By Alexander Jones, International Banker
With gross domestic product (GDP) growth consistently above 5 percent throughout this decade, and in double digits for much of the previous decade, Myanmar has been one of South East Asia’s fastest-growing economies for quite some time. What’s more, this newly liberalised nation is being touted to likely continue growing expeditiously well into the 2020s.
That said, recent years have seen Myanmar’s growth showing a distinct sign of waning from its once lofty heights:
Some believe this ongoing slowdown may continue over the next few years. The International Monetary Fund (IMF), for instance, recently stated that Myanmar’s economy appears to be losing momentum. “Myanmar’s economy is expected to gain steam over the medium term albeit at a somewhat slower pace than previously envisaged and subject to greater downside risks” was the IMF Executive Board’s recent assessment. Part of the concern over Myanmar’s economic outlook is directed at the National League for Democracy (NLD) government, which came to power in 2016 after a thumping election victory put an end to decades of military rule. But since then, the NLD has come in for much criticism for the economy’s overall performance, as well as the slow pace at which reforms are being enacted that would enable Myanmar to make the full transition into a liberalised market economy.
Perhaps the economic underperformance of recent years is understandable. After all, achieving peace in all regions of the nation continues to remain elusive, meaning that the government has been primarily focused on reconciliation before it can move ahead with other priorities, such as bringing about economic prosperity. Even today, tensions persist, not only between the NLD and the military but also between the military and armed ethnic groups in various parts of the country. The conflict in Rakhine State in north-western Myanmar, for instance, has drawn much of the world’s attention to the grave human-rights violations being reported. The government is nonetheless aware of the economic risks of such humanitarian crises, with a government economic adviser, Sean Turnell, recently telling The Myanmar Times that they relate “not just to the internal effects of such crises, but also to those that might come from counter-productive international responses to them”. Indeed, Fitch Solutions Macro Intelligence Research warned last September that Myanmar’s levels of foreign direct investment (FDI) could be seriously curtailed should such violations fail to be addressed. And the IMF recently echoed this sentiment, stating that a prolonged crisis “could reduce concessional donor financing and investment leading to lower growth”.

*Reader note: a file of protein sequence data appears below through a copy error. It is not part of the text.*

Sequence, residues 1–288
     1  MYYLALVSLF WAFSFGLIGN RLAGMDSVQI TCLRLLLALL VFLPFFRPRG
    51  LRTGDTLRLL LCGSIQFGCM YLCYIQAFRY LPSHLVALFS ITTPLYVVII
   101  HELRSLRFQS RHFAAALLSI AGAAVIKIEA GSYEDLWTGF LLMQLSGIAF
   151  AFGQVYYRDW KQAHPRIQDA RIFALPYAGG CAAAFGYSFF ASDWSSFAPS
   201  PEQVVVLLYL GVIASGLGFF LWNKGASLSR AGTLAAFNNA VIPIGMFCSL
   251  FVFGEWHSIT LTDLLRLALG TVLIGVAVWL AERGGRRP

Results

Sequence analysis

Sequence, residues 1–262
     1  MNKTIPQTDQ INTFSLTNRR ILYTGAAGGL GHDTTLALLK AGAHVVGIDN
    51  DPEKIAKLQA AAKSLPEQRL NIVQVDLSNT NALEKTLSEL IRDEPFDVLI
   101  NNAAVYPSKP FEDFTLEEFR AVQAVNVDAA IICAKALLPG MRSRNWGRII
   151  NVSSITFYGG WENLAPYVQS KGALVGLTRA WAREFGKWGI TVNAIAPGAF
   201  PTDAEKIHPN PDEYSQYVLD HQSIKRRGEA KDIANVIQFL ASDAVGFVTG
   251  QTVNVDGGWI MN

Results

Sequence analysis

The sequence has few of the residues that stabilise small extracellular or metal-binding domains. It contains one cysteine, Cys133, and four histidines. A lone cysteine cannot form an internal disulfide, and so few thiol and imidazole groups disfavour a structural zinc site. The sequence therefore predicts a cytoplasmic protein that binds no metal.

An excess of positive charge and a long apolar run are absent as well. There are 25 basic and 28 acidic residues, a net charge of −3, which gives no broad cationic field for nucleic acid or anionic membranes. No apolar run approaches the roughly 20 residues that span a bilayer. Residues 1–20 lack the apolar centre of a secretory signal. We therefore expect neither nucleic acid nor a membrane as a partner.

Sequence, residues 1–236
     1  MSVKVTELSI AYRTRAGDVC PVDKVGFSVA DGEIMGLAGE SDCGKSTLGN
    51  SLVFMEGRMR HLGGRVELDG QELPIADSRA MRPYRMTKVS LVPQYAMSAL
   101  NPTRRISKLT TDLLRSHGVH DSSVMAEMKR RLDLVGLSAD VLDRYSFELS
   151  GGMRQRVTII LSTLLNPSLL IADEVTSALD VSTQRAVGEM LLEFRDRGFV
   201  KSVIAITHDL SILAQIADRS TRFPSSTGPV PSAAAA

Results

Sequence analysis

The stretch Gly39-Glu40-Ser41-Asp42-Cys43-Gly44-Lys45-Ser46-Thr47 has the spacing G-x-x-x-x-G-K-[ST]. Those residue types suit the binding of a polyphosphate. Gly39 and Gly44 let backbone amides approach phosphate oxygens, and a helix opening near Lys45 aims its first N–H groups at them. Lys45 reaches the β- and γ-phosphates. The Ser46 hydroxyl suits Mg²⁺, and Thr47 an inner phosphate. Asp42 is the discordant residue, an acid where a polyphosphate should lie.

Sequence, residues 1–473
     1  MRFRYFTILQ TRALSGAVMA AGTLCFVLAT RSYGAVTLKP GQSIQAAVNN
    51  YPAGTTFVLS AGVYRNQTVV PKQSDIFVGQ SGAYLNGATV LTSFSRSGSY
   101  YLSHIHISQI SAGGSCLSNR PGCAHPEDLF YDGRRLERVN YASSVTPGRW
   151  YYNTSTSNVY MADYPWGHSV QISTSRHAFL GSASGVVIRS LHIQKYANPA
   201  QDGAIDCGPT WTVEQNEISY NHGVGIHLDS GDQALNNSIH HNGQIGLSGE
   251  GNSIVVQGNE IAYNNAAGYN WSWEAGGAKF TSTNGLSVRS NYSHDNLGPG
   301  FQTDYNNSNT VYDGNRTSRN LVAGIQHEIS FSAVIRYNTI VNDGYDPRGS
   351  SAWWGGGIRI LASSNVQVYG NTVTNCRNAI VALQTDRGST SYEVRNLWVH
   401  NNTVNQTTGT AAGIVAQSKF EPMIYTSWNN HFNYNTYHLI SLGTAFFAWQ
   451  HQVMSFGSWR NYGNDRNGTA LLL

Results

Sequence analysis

But it also would seem that efforts are being made to ensure economic development remains a primary issue for the foreseeable future. Last August, Myanmar’s Ministry of Planning and Finance (MOPF) released its Myanmar Sustainable Development Plan for 2018-2030 (MSDP). A comprehensive document, the plan outlines numerous reforms that need to be enacted in order for the country to achieve significant advances in three broad areas: peace and stability, prosperity and partnership, and people and the planet. One of the five main goals outlined by the Ministry is “Economic Stability & Strengthened Macroeconomic Management” and contains five specific strategies that will be employed during this period:
- Effectively manage the exchange rate and balance of payments,
- Reduce inflation and maintain monetary stability,
- Increase domestic revenue mobilisation through a fair, efficient and transparent taxation system,
- Strengthen public financial management to support stability and the efficient allocation of public resources,
- Enhance the efficiency and competitiveness of State Economic Enterprises.
Such targets seem sensible ones to pursue, especially given the accelerating inflation Myanmar experienced in 2018, on top of the dramatic depreciation of the kyat. Indeed, the currency has continued steadily weakening over the last five or so years, losing around 60 percent of its value against the US dollar since 2014 and briefly eclipsing the MMK1,600 mark for the first time ever in August of last year.
According to economic-research organisation Oxford Business Group, this depreciation has largely been driven by “US dollar appreciation, rising imports, weakening FDI inflows, black market currency manipulation and rising levels of cross-border trading with China, which has strengthened demand for US dollars”. As such, the Union of Myanmar Federation of Chambers of Commerce and Industry (UMFCCI) has identified the volatile exchange rate as being a key challenge for the economy, especially given that Myanmar is a major importer of many household goods, including fuel, electronics, food and construction materials.